Deleting a column that's not referenced by a foreign key constraint is easy too:

await m.alterTable(TableMigration(yourTable));

To delete a column referenced by a foreign key, you'd have to migrate the referencing tables first.

Renaming columns

If you're renaming a column in Dart, note that the easiest way is to just rename the getter and use named: TextColumn newName => text().named('old_name')(). That is fully backwards compatible and doesn't require a migration.

If you know your app runs on sqlite 3.25.0 or later (it does if you're using sqlite3_flutter_libs), you can also use the renameColumn api in Migrator:

m.renameColumn(yourTable, 'old_column_name', yourTable.newColumn);

If you do want to change the actual column name in a table, you can write a columnTransformer to use an old column with a different name:

await m.alterTable(
    columnTransformer: {
      yourTable.newColumn: const CustomExpression('old_column_name')

Migrating views, triggers and indices

When changing the definition of a view, a trigger or an index, the easiest way to update the database schema is to drop and re-create the element. With the Migrator API, this is just a matter of calling await drop(element) followed by await create(element), where element is the trigger, view or index to update.

Note that the definition of a Dart-defined view might change without modifications to the view class itself. This is because columns from a table are referenced with a getter. When renaming a column through .named('name') in a table definition without renaming the getter, the view definition in Dart stays the same but the CREATE VIEW statement changes.

A headache-free solution to this problem is to just re-create all views in a migration, for which the Migrator provides the recreateAllViews method.

Post-migration callbacks

The beforeOpen parameter in MigrationStrategy can be used to populate data after the database has been created. It runs after migrations, but before any other query. Note that it will be called whenever the database is opened, regardless of whether a migration actually ran or not. You can use details.hadUpgrade or details.wasCreated to check whether migrations were necessary:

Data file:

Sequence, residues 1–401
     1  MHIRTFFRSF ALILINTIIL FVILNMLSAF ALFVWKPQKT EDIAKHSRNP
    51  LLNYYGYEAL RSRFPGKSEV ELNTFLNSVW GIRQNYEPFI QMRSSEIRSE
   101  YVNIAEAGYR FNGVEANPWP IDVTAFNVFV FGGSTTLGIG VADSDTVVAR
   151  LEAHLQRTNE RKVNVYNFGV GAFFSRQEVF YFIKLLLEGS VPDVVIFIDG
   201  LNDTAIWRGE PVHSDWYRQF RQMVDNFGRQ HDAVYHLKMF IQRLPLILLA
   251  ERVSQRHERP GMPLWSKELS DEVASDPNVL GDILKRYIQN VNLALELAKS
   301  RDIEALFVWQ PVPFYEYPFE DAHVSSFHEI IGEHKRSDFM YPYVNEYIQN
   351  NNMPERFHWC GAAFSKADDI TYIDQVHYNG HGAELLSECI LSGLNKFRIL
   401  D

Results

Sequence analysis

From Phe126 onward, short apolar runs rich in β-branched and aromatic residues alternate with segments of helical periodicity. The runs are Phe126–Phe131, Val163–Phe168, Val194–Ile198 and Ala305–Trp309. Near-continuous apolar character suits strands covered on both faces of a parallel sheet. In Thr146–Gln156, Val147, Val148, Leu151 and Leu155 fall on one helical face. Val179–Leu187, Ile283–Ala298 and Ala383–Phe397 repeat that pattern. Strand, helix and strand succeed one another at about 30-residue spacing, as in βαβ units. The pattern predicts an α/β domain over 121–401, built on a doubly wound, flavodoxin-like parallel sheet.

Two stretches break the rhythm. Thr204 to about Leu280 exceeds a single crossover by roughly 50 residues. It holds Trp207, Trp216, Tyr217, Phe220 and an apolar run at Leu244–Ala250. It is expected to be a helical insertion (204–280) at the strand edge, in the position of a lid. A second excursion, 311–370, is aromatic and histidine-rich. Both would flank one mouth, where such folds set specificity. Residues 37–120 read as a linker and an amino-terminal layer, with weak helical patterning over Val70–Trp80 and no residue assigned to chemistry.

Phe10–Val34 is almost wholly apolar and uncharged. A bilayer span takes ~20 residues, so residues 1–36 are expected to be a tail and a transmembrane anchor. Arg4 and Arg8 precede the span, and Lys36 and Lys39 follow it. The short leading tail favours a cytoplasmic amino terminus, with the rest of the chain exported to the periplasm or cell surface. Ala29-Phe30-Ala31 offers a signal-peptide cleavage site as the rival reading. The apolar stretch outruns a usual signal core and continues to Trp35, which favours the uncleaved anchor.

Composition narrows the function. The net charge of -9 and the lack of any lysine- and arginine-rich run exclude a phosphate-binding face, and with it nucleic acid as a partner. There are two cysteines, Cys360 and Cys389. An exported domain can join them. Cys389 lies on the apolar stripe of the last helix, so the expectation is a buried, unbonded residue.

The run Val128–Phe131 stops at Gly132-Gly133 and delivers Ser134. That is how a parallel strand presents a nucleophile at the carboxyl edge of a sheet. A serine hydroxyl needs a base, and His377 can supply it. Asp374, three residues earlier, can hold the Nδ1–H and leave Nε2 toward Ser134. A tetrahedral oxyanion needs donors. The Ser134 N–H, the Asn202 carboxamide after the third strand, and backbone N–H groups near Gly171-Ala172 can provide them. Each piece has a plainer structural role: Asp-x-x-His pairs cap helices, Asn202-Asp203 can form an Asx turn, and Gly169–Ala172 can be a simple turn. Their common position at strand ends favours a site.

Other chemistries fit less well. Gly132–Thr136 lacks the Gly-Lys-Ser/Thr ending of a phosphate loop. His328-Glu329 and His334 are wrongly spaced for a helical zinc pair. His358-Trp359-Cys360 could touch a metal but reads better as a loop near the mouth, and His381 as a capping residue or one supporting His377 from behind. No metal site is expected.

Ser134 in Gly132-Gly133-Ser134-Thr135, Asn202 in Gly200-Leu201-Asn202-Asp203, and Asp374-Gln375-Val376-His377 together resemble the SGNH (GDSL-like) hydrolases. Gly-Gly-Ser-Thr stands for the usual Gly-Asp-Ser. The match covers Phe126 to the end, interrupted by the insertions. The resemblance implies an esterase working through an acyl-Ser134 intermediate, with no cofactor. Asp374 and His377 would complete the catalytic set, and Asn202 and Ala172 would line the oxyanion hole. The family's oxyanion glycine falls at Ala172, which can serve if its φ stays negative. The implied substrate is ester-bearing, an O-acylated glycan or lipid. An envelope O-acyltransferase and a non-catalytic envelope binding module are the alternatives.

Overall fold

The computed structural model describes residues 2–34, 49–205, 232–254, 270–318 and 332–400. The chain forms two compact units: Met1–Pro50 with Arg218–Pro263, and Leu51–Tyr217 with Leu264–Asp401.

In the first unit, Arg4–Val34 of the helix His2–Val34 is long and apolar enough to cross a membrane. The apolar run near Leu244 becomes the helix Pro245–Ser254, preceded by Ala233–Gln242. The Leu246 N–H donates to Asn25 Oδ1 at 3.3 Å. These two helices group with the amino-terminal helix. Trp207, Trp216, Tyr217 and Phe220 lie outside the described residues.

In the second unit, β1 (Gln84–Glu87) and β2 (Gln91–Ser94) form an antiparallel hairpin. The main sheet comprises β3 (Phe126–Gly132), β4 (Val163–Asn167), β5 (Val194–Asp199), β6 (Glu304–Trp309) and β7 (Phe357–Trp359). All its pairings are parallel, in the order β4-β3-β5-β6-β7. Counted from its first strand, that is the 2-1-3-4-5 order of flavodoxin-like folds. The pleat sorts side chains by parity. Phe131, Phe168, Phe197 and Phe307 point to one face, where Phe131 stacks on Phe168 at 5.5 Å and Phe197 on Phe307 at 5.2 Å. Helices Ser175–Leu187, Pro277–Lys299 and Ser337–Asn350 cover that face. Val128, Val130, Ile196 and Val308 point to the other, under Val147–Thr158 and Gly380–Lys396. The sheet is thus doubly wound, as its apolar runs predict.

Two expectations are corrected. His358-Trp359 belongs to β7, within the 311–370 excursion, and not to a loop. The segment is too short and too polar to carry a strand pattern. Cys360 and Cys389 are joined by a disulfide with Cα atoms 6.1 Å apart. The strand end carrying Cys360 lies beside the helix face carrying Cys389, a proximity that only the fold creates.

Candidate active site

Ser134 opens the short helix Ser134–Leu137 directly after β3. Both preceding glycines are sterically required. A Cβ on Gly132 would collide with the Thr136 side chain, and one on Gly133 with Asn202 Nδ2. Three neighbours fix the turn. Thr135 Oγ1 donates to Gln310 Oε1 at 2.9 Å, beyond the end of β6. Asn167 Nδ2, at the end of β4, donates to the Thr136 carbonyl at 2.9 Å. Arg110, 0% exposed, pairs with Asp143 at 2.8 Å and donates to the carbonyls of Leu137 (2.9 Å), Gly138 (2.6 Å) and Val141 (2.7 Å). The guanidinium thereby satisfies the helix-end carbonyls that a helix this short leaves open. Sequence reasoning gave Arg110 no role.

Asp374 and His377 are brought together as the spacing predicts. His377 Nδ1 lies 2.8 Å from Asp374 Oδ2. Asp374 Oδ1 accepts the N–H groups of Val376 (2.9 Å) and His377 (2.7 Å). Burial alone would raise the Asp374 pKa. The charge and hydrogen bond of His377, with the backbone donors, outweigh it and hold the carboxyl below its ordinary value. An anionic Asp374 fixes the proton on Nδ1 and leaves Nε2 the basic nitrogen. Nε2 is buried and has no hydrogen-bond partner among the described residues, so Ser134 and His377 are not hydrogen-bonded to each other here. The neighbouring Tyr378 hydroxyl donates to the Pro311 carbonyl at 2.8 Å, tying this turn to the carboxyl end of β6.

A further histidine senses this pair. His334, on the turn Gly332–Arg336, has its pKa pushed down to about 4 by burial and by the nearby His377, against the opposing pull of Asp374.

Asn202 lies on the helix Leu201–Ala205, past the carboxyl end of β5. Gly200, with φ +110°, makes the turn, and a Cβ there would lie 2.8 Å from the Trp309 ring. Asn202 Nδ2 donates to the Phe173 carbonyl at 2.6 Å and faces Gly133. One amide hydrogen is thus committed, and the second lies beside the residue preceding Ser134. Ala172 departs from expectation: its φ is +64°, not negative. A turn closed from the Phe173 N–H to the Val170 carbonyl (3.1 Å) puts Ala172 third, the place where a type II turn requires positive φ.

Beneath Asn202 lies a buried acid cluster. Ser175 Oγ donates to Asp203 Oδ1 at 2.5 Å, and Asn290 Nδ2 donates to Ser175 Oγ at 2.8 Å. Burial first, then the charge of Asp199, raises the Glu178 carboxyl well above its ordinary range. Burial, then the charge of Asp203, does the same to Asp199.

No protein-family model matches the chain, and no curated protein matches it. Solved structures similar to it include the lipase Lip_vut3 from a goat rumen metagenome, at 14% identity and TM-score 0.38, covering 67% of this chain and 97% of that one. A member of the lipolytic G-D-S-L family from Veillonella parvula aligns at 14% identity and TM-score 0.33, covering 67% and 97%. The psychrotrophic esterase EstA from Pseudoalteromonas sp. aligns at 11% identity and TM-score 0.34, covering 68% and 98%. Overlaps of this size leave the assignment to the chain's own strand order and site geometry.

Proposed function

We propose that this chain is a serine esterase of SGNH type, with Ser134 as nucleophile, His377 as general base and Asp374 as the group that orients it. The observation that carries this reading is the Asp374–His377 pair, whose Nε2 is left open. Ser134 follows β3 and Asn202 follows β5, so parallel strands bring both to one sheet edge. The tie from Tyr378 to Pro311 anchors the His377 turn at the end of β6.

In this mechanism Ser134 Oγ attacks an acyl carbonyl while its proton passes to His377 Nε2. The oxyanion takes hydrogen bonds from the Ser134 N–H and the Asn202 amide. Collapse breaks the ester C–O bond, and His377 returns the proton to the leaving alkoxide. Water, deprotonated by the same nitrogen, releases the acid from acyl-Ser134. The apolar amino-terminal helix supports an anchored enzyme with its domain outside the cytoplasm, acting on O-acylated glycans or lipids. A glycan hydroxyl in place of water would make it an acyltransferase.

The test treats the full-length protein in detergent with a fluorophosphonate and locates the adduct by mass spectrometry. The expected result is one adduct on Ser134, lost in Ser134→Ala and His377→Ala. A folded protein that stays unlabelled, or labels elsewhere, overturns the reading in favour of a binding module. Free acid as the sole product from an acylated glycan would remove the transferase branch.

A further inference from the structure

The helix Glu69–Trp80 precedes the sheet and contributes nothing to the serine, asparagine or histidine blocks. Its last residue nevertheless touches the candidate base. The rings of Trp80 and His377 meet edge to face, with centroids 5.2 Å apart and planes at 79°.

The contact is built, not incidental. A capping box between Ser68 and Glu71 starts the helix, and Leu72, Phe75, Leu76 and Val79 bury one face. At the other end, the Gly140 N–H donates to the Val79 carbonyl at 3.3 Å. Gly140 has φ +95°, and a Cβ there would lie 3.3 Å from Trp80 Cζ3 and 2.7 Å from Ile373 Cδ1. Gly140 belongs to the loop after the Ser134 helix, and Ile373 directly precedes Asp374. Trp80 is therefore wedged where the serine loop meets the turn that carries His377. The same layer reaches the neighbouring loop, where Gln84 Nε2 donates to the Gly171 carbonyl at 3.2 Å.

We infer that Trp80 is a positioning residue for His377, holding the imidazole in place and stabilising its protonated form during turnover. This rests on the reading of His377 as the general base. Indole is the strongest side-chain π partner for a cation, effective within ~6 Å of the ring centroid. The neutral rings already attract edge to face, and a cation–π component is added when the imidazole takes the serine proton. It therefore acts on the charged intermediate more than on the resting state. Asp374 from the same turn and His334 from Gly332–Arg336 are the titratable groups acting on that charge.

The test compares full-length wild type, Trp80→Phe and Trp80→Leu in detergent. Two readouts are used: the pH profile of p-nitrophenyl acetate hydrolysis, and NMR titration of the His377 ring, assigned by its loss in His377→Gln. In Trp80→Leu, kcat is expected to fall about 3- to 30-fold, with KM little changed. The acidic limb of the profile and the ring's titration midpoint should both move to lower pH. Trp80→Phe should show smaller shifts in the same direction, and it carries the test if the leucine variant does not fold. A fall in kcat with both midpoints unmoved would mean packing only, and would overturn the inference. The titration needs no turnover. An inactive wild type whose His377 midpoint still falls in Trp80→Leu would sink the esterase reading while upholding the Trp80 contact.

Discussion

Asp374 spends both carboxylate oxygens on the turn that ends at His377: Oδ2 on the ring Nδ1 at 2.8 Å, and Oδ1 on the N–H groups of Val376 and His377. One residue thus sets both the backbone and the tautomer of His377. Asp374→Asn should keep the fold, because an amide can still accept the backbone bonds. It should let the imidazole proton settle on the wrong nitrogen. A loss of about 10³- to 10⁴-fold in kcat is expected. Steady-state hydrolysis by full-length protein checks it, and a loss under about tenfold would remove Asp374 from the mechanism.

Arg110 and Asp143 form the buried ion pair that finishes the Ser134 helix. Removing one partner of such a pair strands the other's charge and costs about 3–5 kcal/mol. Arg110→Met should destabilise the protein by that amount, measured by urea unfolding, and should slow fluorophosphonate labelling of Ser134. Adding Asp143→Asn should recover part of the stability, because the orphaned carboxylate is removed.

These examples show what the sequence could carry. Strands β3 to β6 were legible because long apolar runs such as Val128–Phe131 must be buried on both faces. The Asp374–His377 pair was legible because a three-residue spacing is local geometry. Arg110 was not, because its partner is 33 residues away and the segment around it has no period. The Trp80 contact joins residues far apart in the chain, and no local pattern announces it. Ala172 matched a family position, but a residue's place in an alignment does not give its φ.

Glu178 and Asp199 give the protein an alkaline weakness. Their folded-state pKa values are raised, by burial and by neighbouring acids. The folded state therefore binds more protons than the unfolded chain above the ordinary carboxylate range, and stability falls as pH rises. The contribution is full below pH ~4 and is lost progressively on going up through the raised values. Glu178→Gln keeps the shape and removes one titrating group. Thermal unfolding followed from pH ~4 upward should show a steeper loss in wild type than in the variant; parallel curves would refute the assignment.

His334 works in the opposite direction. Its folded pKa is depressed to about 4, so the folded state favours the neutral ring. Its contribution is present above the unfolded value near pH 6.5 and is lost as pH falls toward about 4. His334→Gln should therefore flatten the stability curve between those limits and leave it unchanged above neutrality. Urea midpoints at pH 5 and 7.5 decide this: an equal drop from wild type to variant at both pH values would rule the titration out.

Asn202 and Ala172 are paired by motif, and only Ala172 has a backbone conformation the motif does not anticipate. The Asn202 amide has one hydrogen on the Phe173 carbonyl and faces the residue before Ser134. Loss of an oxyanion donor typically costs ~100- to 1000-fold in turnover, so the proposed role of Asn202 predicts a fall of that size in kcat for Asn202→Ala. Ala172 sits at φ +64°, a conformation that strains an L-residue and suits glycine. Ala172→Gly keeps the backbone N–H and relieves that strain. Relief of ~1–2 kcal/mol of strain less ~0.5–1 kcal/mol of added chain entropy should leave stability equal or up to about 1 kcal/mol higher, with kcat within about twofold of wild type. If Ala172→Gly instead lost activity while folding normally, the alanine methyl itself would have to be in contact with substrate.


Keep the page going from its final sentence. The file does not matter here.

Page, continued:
beforeOpen: (details) async {
    if (details.wasCreated) {
      final workId = await into(categories).insert(Category(description: 'Work'));

      await into(todos).insert(TodoEntry(
            content: 'A first todo entry',
            category: null,
            targetDate: DateTime.now(),

      await into(todos).insert(
              content: 'Rework persistence code',
              category: workId,
              targetDate: DateTime.now().add(const Duration(days: 4)),

You could also activate pragma statements that you need:

beforeOpen: (details) async {
  if (details.wasCreated) {
    // ...
  await customStatement('PRAGMA foreign_keys = ON');

During development

During development, you might be changing your schema very often and don't want to write migrations for that yet. You can just delete your apps' data and reinstall the app - the database will be deleted and all tables will be created again. Please note that uninstalling is not enough sometimes - Android might have backed up the database file and will re-create it when installing the app again.

You can also delete and re-create all tables every time your app is opened, see this comment on how that can be achieved.

Verifying migrations

Drift contains experimental support to verify the integrity of your migrations in unit tests.

To support this feature, drift can help you generate

  • a json representation of your database schema
  • test databases operating on an older schema version